EXCESS EXERCISE AND DISORDERED EATING
Decreased bone density Absent or infrequent menstruation has the bone density of a woman in her sixties. Women with osteoporosis have fragile, easily fractured bones. Some researchers have found that even a few missed menstrual periods can decrease bone density.
All physically active women and girls have the potential to develop one or more components of the female athlete triad. For example, it is estimated that 5-20% of women who exercise regularly and vigorously may develop amenorrhea. But the triad is most prevalent among athletes who participate in certain sports: those in which appearance is highly important, those that emphasize a prepubertal body shape, those that require contour-revealing clothing for competition, those that require endurance, and those that use weight categories for participation. Such sports include gymnastics, figure skating, swimming, distance running, cycling, cross-country skiing, track, volleyball, rowing, horse racing, and cheerleading.
EXCESS EXERCISE AND DISORDERED EATING Photo Gallery
The female athlete triad can be life-threatening. Typical signs of the eating disorders that trigger the condition are extreme weight loss, dry skin, loss of hair, brittle fingernails, cold hands and feet, low blood pressure and heart rate, swelling around the ankles and hands, and weakening of the bones. Female athletes who have repeated stress fractures may be suffering from the condition.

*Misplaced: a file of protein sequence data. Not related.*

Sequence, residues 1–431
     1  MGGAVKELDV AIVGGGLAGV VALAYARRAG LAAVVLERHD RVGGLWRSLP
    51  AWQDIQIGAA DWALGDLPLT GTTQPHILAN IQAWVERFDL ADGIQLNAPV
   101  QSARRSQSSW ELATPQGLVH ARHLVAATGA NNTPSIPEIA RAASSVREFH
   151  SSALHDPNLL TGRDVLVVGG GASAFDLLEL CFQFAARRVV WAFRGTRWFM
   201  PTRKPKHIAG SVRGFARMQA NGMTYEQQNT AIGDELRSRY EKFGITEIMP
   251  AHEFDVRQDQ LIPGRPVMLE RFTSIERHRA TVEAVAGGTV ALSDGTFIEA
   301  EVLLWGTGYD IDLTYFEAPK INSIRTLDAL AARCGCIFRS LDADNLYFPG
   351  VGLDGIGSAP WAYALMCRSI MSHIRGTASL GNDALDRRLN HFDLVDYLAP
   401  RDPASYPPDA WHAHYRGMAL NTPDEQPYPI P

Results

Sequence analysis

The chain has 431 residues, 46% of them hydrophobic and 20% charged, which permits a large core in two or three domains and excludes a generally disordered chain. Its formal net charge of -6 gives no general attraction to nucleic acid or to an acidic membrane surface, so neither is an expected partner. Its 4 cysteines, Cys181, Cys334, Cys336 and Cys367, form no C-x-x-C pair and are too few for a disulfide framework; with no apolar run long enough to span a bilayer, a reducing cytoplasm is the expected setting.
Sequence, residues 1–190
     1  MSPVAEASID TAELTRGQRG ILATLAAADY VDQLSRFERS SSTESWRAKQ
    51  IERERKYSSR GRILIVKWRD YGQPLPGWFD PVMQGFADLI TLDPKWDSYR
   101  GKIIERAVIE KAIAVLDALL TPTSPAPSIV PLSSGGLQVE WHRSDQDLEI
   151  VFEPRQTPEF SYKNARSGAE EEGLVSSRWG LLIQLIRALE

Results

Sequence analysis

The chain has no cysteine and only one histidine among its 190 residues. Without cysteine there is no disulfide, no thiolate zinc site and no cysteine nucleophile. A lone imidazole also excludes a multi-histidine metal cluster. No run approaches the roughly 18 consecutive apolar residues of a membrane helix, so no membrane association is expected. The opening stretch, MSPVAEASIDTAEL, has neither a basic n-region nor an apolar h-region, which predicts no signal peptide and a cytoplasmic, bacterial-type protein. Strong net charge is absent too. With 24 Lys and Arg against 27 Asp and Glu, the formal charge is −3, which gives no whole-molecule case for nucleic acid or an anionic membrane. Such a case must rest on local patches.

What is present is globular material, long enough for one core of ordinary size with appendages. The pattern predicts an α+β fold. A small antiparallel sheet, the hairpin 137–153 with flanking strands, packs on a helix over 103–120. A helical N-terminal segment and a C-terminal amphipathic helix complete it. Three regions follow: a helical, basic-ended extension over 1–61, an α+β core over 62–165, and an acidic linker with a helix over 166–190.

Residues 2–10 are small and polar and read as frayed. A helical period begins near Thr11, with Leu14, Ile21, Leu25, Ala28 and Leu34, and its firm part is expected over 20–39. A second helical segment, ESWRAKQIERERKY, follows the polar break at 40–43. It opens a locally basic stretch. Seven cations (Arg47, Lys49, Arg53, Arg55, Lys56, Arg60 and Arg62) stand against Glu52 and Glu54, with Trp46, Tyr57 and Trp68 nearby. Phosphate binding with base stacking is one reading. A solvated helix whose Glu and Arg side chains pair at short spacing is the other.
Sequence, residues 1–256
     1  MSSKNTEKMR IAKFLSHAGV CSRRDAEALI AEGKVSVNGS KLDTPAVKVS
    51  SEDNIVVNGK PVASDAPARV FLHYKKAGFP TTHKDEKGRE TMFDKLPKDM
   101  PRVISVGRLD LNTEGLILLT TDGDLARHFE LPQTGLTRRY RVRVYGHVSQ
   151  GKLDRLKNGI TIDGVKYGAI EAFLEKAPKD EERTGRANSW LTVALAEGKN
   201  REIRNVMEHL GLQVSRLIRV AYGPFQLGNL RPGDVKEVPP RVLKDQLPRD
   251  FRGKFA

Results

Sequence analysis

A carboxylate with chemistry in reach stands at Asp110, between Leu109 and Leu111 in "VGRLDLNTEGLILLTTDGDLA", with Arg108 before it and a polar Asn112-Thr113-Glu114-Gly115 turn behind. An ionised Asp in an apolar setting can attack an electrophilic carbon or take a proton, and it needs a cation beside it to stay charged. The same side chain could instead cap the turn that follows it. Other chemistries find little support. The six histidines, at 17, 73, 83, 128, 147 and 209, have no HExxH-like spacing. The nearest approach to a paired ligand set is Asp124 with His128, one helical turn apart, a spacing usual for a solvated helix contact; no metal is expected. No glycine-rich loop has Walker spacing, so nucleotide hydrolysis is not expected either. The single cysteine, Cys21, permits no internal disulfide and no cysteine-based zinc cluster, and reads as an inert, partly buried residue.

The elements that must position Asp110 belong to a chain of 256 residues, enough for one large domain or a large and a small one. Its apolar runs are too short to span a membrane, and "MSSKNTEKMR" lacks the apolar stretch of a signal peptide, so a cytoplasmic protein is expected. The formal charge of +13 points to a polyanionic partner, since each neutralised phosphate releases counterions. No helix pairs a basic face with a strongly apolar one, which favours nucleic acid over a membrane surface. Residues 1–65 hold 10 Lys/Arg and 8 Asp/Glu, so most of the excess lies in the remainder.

Early intervention is the key to stopping this series of interrelated conditions. Unfortunately, once the condition has progressed, long-term consequences, especially bone loss, are unavoidable. Teenagers may need only to learn about good eating habits; college-age women with a long-standing problem may require psychological counseling.
The female athlete triad. Clinics in Sports Medicine 31(2): 247-254; Mencias, T., et al. 2012. Female athlete triad screening in National Collegiate Athletic Association Division I athletes: is the preparticipation evaluation form effective? Clinical Journal Sports Medicine 22(2): 122-125; Nazem,